To get to Grafton or Newmarket from the West, the best bet is to take 133 or 134 (from Henderson) or the Route 18 (New Lynn and Avondale) to Karangahape Road overbridge, then transfer to the Inner Link.

Southern Line (including Manukau)

If you’re commuting into the city from Pukekohe, you’re out of luck. No bus services operate between Papakura and Pukekohe. Good luck!

Better news from Papakura and other stations along the Southern Line near Great South Road. Route 33 operates every 15 minutes along Great South Road from Papakura to Otahuhu station, including via Manurewa and Manukau. From Otahuhu you can change to the 322 which continues along Great South Road to Britomart via Newmarket and Ellerslie. This runs every 20-30 minutes from 5.25am and 8.50am. Beware that this is a long trip, with a journey times around 2 hours if you take this at peak! The better option at peak is to take the 360x which runs from Papakura to City via Great South Road, but gets on the motorway just before Manukau station. However the departures are rather limited.

During the day your only option is the 321. This runs every 30 minutes from Otahuhu to Britomart, but runs via Greenlane Hospital so doesn’t go past Newmarket. Timetable here.  Note this service also runs to Middlemore, so changing to this service at Middlemore is the best bet of getting there.

From Ellerslie to the city the options are good, and you can take any of the 500 series buses. These buses run along Great South Road between Ellerslie and Newmarket, then go onto Brtitomart via Grafton and Symonds Street. They operate every few minutes at peak and about every 10 minutes all day.

Inner Eastern Line

From Panmure, things are easy with any of the 500/501/550/551 buses continuing into the city from the Eastern suburbs. Are also some expresses at peak times which should give a more reasonable journey time.

From Sylvia Park the 505 and 525 will take you into the city via Ellerslie-Panmure Highway and Great South Road. Though again this is a long trip, with scheduled times of around an hour. Timetable here. 

From Glen Innes you can take a range of 700 series buses to the city, including the 715, 719, 745 and 757. This combine to give a fairly frequent service all day, though the journey time would is 40-50 minutes.

From Meadowbank the only option is the 655, which runs into the city via Remuera Road and Newmarket. This runs every 30 minutes at peak, and every hour all day. Timetable here.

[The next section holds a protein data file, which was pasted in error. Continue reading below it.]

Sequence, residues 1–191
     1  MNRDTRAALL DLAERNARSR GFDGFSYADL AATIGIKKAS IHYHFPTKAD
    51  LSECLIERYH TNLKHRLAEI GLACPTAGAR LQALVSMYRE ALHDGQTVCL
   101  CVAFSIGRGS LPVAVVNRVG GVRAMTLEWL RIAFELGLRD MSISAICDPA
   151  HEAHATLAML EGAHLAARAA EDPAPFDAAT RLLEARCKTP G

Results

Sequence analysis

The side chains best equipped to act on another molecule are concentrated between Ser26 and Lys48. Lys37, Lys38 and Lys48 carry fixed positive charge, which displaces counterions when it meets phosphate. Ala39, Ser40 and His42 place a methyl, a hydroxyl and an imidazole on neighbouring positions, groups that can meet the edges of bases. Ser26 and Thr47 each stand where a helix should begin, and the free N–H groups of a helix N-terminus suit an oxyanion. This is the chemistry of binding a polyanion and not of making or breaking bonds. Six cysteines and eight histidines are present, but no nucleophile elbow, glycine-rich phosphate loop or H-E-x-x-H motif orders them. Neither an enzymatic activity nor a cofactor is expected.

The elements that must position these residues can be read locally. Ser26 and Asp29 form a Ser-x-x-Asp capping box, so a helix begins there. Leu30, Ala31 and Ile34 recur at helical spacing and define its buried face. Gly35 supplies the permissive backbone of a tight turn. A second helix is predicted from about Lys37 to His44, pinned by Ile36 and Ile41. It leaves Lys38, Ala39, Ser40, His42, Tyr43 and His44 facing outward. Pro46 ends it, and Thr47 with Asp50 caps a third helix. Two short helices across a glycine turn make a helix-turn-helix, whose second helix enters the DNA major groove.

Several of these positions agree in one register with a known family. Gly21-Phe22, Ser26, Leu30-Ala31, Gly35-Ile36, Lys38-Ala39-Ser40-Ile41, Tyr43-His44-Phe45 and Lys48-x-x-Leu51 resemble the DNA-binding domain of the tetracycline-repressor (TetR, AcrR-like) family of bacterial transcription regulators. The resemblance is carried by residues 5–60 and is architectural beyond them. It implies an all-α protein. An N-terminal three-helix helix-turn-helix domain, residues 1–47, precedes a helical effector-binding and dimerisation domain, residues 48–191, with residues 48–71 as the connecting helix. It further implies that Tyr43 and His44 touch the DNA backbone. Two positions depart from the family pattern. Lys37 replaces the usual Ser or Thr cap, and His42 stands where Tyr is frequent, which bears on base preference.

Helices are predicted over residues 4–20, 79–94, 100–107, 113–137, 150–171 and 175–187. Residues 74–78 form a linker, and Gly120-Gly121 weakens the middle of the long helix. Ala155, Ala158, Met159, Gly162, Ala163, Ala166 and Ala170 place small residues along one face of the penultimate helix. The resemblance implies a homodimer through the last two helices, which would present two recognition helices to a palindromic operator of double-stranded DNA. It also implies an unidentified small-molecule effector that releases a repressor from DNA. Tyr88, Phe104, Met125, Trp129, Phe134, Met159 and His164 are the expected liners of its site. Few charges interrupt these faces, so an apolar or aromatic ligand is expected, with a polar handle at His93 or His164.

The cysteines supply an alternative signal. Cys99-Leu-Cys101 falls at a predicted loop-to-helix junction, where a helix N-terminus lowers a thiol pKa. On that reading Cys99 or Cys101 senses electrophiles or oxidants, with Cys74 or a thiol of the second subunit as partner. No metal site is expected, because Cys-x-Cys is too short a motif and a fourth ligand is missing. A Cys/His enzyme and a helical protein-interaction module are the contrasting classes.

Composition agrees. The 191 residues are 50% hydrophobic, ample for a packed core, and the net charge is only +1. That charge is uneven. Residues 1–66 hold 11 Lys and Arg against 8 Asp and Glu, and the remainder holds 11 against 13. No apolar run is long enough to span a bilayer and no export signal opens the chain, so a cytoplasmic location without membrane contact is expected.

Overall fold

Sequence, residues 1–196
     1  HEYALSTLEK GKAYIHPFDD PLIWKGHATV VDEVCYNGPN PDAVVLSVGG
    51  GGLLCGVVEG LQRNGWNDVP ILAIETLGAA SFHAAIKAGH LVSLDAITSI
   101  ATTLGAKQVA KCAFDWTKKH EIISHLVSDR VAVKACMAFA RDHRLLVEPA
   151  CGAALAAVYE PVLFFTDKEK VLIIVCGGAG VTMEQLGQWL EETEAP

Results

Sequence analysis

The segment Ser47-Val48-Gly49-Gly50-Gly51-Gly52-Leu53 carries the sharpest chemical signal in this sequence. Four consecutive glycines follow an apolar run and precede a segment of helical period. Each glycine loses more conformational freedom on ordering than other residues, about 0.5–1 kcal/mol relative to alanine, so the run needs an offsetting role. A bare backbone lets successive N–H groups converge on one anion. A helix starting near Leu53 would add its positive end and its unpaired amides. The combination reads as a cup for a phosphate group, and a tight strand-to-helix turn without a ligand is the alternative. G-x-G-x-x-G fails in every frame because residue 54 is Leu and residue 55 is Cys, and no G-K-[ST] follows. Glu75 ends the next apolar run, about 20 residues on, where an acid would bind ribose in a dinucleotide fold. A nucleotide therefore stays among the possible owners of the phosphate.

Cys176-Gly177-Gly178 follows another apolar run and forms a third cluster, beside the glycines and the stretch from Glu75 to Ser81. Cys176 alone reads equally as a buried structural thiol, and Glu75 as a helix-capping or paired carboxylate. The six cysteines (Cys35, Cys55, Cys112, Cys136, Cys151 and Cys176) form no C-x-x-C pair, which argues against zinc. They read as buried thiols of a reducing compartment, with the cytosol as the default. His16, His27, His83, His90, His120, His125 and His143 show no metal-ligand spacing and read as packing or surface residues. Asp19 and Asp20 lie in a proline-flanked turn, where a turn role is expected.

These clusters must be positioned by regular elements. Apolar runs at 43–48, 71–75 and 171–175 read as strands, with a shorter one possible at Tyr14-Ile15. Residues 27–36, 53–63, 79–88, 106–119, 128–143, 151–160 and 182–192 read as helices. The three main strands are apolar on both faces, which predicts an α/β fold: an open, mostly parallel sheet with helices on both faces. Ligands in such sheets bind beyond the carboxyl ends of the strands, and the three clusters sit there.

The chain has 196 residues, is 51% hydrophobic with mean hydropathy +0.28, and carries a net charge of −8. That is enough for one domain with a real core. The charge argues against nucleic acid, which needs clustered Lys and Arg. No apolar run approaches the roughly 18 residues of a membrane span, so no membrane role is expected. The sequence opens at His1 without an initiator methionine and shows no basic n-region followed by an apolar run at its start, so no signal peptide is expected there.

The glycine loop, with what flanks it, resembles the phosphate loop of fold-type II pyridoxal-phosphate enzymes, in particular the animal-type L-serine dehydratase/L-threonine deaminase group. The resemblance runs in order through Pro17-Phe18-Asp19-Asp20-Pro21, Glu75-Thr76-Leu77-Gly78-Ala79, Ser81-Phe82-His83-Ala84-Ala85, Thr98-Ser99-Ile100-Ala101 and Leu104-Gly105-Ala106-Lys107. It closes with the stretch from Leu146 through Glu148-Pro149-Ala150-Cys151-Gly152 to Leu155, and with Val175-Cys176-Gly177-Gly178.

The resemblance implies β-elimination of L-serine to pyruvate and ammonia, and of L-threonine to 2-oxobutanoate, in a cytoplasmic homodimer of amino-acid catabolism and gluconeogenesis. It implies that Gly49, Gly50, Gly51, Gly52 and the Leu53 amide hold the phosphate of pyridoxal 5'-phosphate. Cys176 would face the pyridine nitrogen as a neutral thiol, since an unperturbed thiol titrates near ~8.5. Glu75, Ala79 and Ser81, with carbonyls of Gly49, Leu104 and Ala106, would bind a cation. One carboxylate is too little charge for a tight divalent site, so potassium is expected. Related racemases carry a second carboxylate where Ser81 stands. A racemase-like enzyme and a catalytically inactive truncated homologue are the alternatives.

From Orakei you can take the 605/606, though you’ll have to walk up to Manawa Road to catch this. Timetable here. 

Summary

This has highlighted there are some real gaps in service provision tomorrow. The biggest issue appear to be the total lack of PT to Pukekohe tomorrow, and very slow journey times of buses from the south. Clearly it is difficult to source buses and drivers at late notice, but some targeted extra services could have gone a long way to filling the worst gaps.

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189 comments

  1. Hi Matt

    If I was boss of AT I would be firing the incompetent people that have allowed this to happen and give you a bonus of $1 million.

    Thanks for this post. Thanks for the practical solutions to get around the strike.

    Perhaps newshub/nzherald could get in touch with you and see if they could spread this post for you (with your permission and credit to you of course)? That way this sort of information can be spread further. Also would mean that nzherald isn’t posting ‘7 signs of dementia’ every 3 days .

  2. This does highlight the impact that it will have to the East Auckland public transport network should this happen again in the future, or any time the Eastern line stops running. Most of the East Auckland buses will the ferrying passengers to the train with minimal buses carrying on to the city centre.

  3. I understand the logic of the New Network but they should have continued to operate city-Papakura busses, Perhaps just once an hour but this would also have had the tremendous benefit of being able to start earlier and finish later than the trains.

    1. As a further note… catching the 33 and the 321 yesterday was fuuunnn.